Jackson family at Maj. John Jackson’s promotion ceremony.

The New Jersey Superior Court in Morris County has placed a gag order on the parties involved in the state’s Division of Youth and Family Services case against Christian homeschooling parents John and Carolyn Jackson.

As reported yesterday by WND, DYFS took the five Jackson children away from their parents on April 16, 2010, citing an imminent danger to the children after the youngest, 2-year-old Chaya, was hospitalized. The parents have been fighting in court to regain custody.

According to a source who asked not to be named, the judge hearing the case, Michael Paul Wright, imposed the gag order Wednesday afternoon upon the request of DYFS.
WND called DYFS to inquire about the case early Wednesday afternoon and posted a news story on the WND website early Thursday morning.

Army Maj. John Jackson confirmed to WND today that he is under a gag order and is no longer allowed to talk to the media about the case.

“Typically, one of the parties would motion the court to impose a gag order,” said N.J. attorney William Baer. “In this case, considering the Jacksons were openly speaking to the press, it would seem plausible that the motion originated with DYFS. This case has been going on since last spring, with, to my knowledge, no imposed restrictions on communications. So, why was this gag order issued now? Was it in response to a reporter recently asking questions of DYFS regarding this case? Seems very likely to me.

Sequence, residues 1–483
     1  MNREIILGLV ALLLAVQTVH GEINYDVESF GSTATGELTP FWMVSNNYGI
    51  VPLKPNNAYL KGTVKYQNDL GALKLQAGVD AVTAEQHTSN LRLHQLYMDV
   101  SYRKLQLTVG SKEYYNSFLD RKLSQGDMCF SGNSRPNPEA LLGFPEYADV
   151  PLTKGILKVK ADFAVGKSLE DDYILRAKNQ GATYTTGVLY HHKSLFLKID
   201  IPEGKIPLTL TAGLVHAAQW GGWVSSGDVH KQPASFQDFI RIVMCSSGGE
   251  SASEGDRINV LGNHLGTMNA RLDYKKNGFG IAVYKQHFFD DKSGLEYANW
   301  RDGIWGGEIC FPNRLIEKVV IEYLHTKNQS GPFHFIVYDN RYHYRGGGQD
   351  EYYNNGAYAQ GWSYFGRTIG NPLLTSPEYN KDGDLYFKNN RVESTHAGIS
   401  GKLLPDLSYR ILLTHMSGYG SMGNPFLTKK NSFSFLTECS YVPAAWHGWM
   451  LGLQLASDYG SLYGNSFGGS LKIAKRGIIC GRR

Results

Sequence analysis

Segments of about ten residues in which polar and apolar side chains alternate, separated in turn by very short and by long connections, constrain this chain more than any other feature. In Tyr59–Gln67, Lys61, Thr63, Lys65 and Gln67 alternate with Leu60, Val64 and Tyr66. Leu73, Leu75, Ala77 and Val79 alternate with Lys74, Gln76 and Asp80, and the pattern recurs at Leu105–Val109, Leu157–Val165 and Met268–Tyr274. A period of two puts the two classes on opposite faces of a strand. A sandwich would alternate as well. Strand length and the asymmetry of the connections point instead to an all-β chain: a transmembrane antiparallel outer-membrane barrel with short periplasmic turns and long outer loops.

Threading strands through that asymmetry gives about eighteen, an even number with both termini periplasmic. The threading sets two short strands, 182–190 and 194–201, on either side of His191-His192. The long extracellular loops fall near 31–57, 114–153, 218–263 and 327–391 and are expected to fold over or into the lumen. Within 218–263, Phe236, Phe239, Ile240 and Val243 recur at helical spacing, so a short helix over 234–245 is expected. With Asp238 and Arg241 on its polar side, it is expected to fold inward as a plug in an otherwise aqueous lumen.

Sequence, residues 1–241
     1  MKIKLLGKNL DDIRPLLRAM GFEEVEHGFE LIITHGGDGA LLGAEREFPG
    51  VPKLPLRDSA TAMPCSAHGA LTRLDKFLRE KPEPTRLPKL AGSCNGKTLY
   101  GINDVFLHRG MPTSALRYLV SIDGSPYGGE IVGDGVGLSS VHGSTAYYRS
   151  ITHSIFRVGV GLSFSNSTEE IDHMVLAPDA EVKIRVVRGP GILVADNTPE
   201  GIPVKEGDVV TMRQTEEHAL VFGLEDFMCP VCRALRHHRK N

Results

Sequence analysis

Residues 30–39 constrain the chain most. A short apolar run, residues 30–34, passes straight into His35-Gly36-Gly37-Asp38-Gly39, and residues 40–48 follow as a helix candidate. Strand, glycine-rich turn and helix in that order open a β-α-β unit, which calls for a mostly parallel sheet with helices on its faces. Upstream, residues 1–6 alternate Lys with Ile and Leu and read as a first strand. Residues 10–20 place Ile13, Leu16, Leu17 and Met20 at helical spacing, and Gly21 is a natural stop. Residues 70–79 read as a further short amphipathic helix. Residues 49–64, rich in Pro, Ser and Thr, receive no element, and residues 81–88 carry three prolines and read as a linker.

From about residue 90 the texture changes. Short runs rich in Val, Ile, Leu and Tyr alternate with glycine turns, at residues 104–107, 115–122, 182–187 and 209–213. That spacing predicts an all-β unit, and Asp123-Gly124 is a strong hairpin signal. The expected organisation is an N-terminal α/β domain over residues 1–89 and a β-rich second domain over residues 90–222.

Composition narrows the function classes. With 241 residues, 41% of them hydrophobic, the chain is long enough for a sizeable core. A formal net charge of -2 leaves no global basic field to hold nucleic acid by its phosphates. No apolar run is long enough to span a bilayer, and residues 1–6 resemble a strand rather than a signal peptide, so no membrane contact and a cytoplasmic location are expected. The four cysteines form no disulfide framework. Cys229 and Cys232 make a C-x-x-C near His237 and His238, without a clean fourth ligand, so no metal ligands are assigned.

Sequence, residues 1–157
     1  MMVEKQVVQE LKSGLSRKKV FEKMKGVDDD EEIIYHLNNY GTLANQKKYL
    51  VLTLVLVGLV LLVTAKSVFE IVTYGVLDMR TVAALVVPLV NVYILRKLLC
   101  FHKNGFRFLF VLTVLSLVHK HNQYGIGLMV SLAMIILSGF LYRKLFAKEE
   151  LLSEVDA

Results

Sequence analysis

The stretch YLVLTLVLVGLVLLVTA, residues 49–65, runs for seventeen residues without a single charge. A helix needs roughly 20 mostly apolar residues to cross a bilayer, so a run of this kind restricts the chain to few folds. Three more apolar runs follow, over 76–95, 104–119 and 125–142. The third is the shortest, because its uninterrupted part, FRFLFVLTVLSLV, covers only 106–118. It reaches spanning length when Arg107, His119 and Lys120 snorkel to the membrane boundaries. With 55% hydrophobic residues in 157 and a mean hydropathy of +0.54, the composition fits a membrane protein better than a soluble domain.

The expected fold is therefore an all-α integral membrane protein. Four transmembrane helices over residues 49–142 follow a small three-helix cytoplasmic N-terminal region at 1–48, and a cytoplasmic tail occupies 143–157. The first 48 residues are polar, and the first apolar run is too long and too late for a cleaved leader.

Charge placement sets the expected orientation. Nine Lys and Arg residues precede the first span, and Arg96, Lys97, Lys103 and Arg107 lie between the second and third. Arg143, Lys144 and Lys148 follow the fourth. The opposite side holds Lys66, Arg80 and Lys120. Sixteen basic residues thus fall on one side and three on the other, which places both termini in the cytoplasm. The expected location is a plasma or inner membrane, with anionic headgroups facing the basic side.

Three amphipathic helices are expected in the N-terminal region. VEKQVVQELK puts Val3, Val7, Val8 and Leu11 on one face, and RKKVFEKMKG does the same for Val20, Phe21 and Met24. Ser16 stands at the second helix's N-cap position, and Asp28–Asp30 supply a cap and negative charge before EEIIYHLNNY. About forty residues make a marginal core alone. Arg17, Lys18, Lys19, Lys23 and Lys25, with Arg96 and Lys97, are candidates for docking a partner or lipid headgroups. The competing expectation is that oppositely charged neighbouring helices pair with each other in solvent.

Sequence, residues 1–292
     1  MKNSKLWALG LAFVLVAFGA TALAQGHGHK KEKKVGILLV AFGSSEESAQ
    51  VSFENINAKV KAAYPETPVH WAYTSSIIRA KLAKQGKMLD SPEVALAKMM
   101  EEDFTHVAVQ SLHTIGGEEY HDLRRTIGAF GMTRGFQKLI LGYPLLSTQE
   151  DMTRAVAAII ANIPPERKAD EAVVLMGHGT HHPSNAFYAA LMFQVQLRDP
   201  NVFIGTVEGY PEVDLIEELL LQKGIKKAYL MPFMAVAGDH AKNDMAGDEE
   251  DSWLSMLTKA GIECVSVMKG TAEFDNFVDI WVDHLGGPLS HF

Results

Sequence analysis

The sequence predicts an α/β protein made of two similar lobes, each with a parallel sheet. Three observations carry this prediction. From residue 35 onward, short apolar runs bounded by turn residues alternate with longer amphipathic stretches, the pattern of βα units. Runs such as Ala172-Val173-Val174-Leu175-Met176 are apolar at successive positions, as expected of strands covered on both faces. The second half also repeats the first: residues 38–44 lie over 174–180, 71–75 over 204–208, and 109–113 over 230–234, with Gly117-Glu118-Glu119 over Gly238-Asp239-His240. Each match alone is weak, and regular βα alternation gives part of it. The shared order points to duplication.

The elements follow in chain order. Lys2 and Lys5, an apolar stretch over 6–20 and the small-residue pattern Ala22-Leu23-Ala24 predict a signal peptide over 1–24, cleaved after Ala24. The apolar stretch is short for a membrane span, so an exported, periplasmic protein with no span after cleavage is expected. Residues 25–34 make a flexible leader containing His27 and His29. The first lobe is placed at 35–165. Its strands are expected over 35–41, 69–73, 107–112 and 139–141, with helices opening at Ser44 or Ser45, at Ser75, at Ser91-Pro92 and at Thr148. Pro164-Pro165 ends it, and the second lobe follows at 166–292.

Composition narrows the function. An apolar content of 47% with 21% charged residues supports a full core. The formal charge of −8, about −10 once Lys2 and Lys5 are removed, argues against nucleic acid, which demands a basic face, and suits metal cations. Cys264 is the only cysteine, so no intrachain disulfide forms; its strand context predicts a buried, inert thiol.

“In cases involving minors, courts are inclined to defer to DYFS, which ostensibly is protecting the interests of the children. We must also keep in mind that both DYFS and the courts are essentially agents of the state.”

WND’s calls to the Morristown County Courthouse went unreturned.

Another attorney, Leigh-Ann Bellew, observed that getting information about such cases is difficult if the parties aren’t allowed to speak.

“The problem is that family court is not open to the public, for the protection of minors,” Bellew told WND.

A DYFS spokesman again declined to comment, citing confidentiality rules.

“We’re not even allowed to say if we’re involved in a case with a particular family.”

The Jacksons also spoke about the case with another news website, the Tea Party Daily News, which posted a story about the case Jan. 10.

The unnamed source described the Jacksons as a “wonderful, loving, caring family. The children are normal, happy and, except for Chaya, healthy.”

“To immediately withdraw the children from the home without any evidence of wrongdoing is devastating and frightening. If it could happen to this family, it could happen to anybody.

“There’s been no justice here,” the source added. “They’ve been deprived of their right to a speedy trial.”

The Jacksons are scheduled to present their defense to the court Monday and Tuesday, nine months after the custody battle began.


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